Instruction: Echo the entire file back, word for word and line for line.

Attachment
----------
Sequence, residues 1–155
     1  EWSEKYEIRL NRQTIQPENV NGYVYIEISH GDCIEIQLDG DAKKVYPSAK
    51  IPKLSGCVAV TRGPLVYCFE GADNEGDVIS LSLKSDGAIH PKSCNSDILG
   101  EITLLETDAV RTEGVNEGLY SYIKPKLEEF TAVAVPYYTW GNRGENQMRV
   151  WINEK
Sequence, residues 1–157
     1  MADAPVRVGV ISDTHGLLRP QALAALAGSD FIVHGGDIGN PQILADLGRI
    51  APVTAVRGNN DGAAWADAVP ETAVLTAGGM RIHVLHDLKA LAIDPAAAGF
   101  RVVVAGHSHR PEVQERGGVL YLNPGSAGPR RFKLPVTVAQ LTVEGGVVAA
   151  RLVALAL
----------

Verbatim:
Sequence, residues 1–155
     1  EWSEKYEIRL NRQTIQPENV NGYVYIEISH GDCIEIQLDG DAKKVYPSAK
    51  IPKLSGCVAV TRGPLVYCFE GADNEGDVIS LSLKSDGAIH PKSCNSDILG
   101  EITLLETDAV RTEGVNEGLY SYIKPKLEEF TAVAVPYYTW GNRGENQMRV
   151  WINEK
Sequence, residues 1–157
     1  MADAPVRVGV ISDTHGLLRP QALAALAGSD FIVHGGDIGN PQILADLGRI
    51  APVTAVRGNN DGAAWADAVP ETAVLTAGGM RIHVLHDLKA LAIDPAAAGF
   101  RVVVAGHSHR PEVQERGGVL YLNPGSAGPR RFKLPVTVAQ LTVEGGVVAA
   151  RLVALAL